Einstein’s gravitational waves rest on a genuinely radical idea.
After decades of anticipation, we have directly detected gravitational waves—ripples in spacetime traveling at the speed of light through the universe. Scientists at LIGO (the Laser Interferometic Gravitational-wave Observatory) have announced that they have measured waves coming from the inspiral of two massive black holes, providing a spectacular confirmation of Albert Einstein’s general theory of relativity, whose hundredth anniversary was celebrated just last year.
Finding gravitational waves indicates that Einstein was (once again) right, and opens a new window onto energetic events occurring around the universe. But there’s a deeper lesson, as well: a reminder of the central importance of locality, an idea that underlies much of modern physics.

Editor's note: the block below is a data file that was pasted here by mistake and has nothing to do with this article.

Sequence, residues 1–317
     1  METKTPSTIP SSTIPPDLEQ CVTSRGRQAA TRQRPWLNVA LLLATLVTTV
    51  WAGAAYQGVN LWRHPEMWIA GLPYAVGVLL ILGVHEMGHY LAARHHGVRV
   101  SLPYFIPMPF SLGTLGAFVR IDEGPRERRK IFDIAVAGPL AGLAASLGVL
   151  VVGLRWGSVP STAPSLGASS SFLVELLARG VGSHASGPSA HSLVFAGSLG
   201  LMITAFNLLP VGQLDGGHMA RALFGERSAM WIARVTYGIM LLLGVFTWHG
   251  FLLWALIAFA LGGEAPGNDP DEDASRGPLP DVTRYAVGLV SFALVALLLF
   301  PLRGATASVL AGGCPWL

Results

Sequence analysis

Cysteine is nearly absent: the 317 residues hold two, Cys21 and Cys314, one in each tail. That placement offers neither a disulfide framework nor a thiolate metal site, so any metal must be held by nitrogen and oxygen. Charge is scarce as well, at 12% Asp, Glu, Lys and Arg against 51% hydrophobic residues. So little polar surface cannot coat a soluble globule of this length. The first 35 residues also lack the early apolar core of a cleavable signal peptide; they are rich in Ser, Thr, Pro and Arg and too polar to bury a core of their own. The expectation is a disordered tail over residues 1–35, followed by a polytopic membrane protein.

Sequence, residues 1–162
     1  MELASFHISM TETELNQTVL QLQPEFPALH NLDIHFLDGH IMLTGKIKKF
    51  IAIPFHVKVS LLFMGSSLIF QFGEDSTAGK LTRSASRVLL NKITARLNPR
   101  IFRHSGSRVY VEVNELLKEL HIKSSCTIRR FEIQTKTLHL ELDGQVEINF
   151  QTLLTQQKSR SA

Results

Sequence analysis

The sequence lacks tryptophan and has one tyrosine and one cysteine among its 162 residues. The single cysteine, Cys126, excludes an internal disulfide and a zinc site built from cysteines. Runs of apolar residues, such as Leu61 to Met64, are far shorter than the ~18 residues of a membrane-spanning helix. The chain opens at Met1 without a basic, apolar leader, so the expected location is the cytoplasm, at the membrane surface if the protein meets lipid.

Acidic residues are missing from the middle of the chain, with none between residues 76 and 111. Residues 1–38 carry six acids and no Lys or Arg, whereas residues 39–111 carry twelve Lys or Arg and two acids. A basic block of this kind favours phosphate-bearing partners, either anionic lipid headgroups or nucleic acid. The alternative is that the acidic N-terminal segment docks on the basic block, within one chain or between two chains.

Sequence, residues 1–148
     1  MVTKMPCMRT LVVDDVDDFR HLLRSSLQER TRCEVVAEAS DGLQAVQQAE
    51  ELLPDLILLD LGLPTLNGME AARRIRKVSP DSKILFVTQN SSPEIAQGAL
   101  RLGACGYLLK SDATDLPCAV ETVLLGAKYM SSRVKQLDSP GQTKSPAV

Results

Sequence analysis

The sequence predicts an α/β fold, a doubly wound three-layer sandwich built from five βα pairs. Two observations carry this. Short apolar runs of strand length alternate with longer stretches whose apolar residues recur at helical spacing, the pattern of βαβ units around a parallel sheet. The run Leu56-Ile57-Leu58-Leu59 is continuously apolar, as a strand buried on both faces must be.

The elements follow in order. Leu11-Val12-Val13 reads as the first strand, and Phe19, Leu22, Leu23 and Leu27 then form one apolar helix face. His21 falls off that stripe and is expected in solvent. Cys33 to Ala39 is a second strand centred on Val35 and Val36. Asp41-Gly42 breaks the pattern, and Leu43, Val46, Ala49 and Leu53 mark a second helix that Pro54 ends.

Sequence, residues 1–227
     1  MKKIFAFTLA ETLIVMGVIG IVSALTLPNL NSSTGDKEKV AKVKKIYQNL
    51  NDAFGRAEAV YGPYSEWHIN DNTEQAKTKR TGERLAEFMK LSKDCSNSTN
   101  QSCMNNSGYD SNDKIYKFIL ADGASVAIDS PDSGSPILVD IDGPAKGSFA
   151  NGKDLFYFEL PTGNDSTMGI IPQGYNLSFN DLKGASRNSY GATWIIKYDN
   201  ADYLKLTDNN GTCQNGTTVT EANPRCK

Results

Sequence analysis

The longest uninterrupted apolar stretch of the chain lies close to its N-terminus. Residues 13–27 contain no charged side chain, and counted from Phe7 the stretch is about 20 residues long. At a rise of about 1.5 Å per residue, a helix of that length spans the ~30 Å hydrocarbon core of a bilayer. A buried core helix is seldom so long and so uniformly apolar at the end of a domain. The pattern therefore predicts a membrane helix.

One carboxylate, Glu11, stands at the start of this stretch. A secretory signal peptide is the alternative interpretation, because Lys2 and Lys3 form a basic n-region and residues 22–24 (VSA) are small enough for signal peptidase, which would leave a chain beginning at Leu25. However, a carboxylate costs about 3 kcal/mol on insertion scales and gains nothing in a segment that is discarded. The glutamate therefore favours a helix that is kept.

The bureau successfully played the long game in both cases.
The story of law enforcement in the Oregon standoff is one of patience.
On the most obvious level, that was reflected in the 41 days that armed militia members occupied the Malheur National Wildlife Refuge near Burns. It took 25 days before the FBI and state police moved to arrest several leaders of the occupation and to barricade the refuge. It took another 15 days before the last of the final occupiers walked out, Thursday morning Oregon time.
Each of those cases involved patience as well: Officers massed on Highway 395 didn’t shoot LaVoy Finicum when he tried to ram past a barricade, nearly striking an FBI agent, though when he reached for a gun in his pocket they finally fired. Meanwhile, despite increasingly hysterical behavior from David Fry, the final occupier, officers waited him out until he emerged peacefully.